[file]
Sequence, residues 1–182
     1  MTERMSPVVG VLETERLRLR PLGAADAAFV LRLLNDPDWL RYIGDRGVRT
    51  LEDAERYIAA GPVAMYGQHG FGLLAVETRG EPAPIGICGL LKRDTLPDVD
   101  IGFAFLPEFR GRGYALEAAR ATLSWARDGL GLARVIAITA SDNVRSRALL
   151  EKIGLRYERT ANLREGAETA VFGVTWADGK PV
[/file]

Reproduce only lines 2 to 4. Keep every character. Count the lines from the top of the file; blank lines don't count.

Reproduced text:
     1  MTERMSPVVG VLETERLRLR PLGAADAAFV LRLLNDPDWL RYIGDRGVRT
    51  LEDAERYIAA GPVAMYGQHG FGLLAVETRG EPAPIGICGL LKRDTLPDVD
   101  IGFAFLPEFR GRGYALEAAR ATLSWARDGL GLARVIAITA SDNVRSRALL